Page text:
Organic asset growth, new product inflows and returns were all up for mainland China fund managers in July, registering Rmb19.14 billion, Rmb7.79 billion and Rmb171.14 billion, respectively. This is a positive signal that confidence may be returning, estimates Shanghai-based consultancy Z-Ben Advisors.

However, industry AUM was down 13% for the second quarter of 2010 from the first quarter, at Rmb2.116 trillion, with the Rmb1.142 trillion of domestic manager assets falling by 17.1% and the Rmb973.4 billion of joint-venture manager AUM down by 7.6%.

Caution still reigns among Chinese fund managers, says Z-Ben, which meant they largely missed out on strong stock-market returns last month. The CSI 300 ended July up 12%, but for most firms, equity exposure was relatively low at the start of the month, and there is still only “a minority” of portfolio managers ratcheting up equity exposures.

And this minority is typically boosting those exposures from already high levels, says Z-Ben – “these PMs are very decidedly not from the capital protection end of the fund theory spectrum”. Such firms will have already recorded losses earlier in the year that have hindered their ability to attract inflows from new products.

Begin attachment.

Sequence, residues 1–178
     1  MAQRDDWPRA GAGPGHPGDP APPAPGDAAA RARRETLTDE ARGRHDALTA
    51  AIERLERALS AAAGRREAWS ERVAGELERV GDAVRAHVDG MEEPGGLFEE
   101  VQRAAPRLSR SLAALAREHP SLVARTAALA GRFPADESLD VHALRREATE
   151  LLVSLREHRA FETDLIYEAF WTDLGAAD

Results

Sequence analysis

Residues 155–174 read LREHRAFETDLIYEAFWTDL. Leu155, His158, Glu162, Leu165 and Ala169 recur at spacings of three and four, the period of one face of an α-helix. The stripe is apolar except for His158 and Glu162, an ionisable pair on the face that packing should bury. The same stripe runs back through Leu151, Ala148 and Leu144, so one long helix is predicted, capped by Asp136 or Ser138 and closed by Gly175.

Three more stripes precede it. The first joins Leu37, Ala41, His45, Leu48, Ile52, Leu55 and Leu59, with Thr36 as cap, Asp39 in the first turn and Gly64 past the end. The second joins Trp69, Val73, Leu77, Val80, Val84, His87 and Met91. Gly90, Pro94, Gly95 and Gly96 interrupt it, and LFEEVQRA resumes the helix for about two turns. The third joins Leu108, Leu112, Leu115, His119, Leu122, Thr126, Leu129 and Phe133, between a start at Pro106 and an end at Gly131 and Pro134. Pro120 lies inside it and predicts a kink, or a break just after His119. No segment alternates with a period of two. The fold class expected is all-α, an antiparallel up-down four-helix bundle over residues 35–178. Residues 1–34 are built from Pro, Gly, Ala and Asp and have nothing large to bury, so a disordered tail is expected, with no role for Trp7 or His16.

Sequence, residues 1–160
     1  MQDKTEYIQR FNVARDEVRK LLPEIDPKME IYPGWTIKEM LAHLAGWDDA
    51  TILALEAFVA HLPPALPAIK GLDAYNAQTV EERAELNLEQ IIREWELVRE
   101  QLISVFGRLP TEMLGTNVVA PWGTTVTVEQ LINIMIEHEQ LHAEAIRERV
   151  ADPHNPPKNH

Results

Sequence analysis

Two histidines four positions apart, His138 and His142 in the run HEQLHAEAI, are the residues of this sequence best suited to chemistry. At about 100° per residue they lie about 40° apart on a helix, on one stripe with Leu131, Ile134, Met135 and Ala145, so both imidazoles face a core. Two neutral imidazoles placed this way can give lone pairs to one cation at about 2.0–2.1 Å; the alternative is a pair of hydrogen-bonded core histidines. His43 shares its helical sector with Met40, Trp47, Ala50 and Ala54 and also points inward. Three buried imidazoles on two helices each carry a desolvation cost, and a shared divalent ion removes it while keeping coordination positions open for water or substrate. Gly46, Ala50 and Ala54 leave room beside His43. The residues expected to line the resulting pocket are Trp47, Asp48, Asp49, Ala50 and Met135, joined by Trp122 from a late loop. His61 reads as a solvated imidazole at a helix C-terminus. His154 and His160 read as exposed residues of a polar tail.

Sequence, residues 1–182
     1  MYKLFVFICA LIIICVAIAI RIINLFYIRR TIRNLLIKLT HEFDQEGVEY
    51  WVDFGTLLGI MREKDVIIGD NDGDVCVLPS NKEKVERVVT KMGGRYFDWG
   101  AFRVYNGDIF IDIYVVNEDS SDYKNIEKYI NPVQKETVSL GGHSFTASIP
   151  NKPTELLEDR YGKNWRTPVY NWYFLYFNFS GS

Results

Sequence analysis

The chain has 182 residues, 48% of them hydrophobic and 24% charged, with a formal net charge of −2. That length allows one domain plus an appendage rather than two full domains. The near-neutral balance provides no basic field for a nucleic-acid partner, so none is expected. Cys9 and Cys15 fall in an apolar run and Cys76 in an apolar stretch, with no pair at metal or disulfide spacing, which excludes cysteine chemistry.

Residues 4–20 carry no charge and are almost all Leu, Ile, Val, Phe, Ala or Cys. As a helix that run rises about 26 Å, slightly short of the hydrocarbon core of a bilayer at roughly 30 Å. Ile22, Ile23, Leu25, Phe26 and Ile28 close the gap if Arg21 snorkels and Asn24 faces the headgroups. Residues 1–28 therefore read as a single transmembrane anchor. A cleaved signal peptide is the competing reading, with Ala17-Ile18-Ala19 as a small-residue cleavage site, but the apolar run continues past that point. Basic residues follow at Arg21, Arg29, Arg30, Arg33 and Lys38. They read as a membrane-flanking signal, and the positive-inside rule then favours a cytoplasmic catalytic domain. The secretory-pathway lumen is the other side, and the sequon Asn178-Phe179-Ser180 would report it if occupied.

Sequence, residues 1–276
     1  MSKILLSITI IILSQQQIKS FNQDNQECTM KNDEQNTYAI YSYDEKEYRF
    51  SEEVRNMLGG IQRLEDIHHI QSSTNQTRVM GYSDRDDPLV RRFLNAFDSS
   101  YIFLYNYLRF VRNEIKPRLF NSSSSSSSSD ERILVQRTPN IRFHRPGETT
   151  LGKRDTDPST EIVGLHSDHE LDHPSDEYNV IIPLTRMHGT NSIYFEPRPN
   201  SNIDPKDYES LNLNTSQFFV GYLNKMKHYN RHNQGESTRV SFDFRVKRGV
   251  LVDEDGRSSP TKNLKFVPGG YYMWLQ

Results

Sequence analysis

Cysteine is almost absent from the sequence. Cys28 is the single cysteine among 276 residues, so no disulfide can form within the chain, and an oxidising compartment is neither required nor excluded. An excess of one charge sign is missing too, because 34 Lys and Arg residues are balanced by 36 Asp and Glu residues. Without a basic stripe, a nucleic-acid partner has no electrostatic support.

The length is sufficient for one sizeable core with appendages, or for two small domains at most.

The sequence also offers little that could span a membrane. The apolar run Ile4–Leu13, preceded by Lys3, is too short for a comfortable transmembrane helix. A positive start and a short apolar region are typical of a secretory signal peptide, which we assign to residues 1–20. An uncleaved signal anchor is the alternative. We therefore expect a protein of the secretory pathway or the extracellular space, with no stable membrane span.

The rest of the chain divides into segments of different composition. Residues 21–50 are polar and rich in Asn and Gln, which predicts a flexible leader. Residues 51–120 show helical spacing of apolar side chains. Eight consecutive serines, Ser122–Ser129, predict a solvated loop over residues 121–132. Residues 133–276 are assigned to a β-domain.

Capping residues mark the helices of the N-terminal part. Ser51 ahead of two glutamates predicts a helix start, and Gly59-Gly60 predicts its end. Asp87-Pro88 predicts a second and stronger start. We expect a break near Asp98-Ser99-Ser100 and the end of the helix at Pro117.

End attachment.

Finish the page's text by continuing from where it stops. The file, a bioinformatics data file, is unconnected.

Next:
Meanwhile, the majority “are testing both their historic highs for cash exposure and, in some cases, the upper limits of cash allowed by their prospectuses”, adds Z-Ben.

This caution seems to be reflected by the amount of fixed-income products on offer. The net inflows both to bond funds and to money-market funds -- at Rmb2.15 billion and Rmb2.96 billion, respectively – exceeded the Rmb2.13 billion that went into equity funds in July. This contrasts to 2009, when fixed income was “almost entirely absent” from new product offerings, says Z-Ben.

Moreover, the 15% allocation to cash for the average equity mutual fund in China – more than Rmb210 billion – is unlikely to move slowly back into equities. “If cash reserves were to be released the event would arrive in a frenzied rush as panicked fund managers suddenly realise – like birds flocking in a new direction – that the rally they’re missing is a real one and it’s past time to pile in,” says Z-Ben.

The consultancy has the following advice for mainland portfolio managers: “If you can’t bring yourself to be a leader in transitioning portfolio states from defensive to offensive, at least stop being one of the lagging majority, who won’t move until the life’s been all but fully squeezed out of the market.”

As for their “long-suffering” clients, Z-Ben says now is a good time to reiterate the value of having a genuinely varied equity fund range, with at least one fund that is permanently aggressively managed.